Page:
HAVERHILL — History and modern concerns over racism and violence have found a way to coexist as Haverhill debates the future of the Hannah Duston statue.
As historians and human rights activists argue the future of the statue — and whether it should remain in its prominent location in GAR Park — city leaders have decided against moving it.
Haverhill is planning changes to the statue, however, including removing a plaque referring to Native Americans as “savages’’ and taking the hatchet out of Hannah’s hand.
The City Council voted unanimously this week to leave the statue in the park, but to remove the hatchet and any words inscribed in the statue’s granite base that are considered offensive. Councilors also voted to provide space in the park for Native Americans to erect their own monument so they can share their history. Mayor James Fiorentini said he supports the council’s decision.
The statue, which has stood in GAR Park near City Hall for generations, depicts Hannah Duston, a Colonial woman who, according to historical accounts, was kidnapped by Native American Abenaki people in 1697 during a raid on Haverhill and later escaped by killing many of them as they slept.
The statue shows her holding a hatchet in her right hand. The four sides of the statue’s granite base tells her story, with accompanying bronze plaques featuring images of her capture and escape. An inscription under one of the plaques reads, “Her husband’s defense of their children against the pursuing savages.” The plaque above the inscription bears the image of Hannah’s husband, Thomas Duston, on a horse and firing his rifle at a Native American while his children cower in fear behind the horse.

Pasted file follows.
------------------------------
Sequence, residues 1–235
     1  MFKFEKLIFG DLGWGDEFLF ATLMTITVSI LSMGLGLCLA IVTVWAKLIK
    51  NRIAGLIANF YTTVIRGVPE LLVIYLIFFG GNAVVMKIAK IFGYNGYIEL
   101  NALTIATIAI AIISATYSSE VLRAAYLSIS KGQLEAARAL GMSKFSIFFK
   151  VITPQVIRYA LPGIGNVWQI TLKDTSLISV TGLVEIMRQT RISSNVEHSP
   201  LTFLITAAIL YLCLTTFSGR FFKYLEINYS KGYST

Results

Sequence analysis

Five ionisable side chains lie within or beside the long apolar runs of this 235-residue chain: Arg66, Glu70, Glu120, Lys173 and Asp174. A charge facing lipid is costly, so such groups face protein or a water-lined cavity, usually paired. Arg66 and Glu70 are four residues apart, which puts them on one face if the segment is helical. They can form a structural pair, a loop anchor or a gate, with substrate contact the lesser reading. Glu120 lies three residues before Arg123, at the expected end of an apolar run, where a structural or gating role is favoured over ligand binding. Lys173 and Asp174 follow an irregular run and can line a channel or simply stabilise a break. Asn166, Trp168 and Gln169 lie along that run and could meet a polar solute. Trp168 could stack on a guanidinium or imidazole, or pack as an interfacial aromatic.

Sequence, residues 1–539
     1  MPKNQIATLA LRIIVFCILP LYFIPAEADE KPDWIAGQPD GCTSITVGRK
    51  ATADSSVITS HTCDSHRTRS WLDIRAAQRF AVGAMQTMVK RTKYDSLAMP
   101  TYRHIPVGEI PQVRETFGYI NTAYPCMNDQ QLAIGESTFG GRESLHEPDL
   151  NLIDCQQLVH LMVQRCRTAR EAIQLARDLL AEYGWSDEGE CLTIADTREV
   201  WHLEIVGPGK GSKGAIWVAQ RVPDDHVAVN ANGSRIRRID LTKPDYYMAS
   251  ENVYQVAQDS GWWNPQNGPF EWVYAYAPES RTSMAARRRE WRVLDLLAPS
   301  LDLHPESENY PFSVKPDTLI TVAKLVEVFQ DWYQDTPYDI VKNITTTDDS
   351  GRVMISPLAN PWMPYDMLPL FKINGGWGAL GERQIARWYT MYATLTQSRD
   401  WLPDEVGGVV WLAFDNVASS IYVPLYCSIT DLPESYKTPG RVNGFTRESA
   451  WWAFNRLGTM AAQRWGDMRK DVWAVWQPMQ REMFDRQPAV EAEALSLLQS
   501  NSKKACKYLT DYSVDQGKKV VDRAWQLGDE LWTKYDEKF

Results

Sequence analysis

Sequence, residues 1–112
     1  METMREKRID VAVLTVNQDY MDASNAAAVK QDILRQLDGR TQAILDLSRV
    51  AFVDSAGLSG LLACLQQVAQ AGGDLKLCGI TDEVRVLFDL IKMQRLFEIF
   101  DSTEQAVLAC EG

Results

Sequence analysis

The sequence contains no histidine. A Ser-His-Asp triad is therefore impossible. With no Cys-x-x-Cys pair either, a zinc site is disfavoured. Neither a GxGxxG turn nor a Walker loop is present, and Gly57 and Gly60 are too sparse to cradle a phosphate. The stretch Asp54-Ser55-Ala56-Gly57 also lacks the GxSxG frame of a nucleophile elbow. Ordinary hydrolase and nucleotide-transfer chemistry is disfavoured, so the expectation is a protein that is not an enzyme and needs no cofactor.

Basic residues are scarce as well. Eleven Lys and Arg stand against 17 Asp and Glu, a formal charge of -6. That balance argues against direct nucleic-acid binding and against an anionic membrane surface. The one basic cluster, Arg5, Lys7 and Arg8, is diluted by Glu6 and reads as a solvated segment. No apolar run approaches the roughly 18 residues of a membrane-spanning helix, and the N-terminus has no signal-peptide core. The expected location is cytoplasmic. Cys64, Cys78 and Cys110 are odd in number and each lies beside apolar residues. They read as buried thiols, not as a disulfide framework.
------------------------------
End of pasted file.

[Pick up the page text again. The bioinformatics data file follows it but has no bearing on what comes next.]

Human rights activists and Native Americans have said the statue is offensive to people of Native American descent and that it glorifies violence. Some historians have said the statue simply reflects historical events. The debate is happening as the nation has a larger discussion over racism and violence.
As part of the City Council decision this week, councilors also voted to ask the mayor to spend money needed to alter the statue.
Fiorentini said the city will pay for the project, but he did not specify where the money will come from. He said he will also honor to the council’s wish to have the Native American story told in some way.
“We owe so much to our Native American forebearers,” Fiorentini said. “Their side (of the story) and their struggles must never be forgotten.”
Fiorentini said he also supports removing or rewording the inscription on the statue’s granite base that refers to Native Americans as “savages.” He said that kind of language is “inappropriate in this day and age.”
“I also agree with the council that the statue should be modified to remove the hatchet from her hand,” he said.
Fiorentini said he has created a Native American Commemoration Commission to determine the best way to honor Native Americans and make certain their story is told. He chose people with close ties to Haverhill to be members of the commission.